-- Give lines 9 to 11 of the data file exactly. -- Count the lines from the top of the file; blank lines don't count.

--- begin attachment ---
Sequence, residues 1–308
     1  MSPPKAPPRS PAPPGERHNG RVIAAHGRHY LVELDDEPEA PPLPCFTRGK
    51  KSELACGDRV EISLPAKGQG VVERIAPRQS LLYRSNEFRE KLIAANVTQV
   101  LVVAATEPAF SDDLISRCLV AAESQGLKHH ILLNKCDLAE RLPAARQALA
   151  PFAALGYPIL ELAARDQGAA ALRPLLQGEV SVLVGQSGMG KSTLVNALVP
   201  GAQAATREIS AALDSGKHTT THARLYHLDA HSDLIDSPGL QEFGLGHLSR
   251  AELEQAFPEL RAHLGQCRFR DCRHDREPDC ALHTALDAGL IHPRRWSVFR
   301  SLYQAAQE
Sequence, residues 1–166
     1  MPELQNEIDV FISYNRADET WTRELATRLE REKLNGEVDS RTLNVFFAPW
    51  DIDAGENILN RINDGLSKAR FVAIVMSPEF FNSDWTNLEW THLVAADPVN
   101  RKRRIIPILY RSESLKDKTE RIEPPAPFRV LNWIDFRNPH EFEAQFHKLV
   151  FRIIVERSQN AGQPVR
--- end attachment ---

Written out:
Sequence, residues 1–166
     1  MPELQNEIDV FISYNRADET WTRELATRLE REKLNGEVDS RTLNVFFAPW
    51  DIDAGENILN RINDGLSKAR FVAIVMSPEF FNSDWTNLEW THLVAADPVN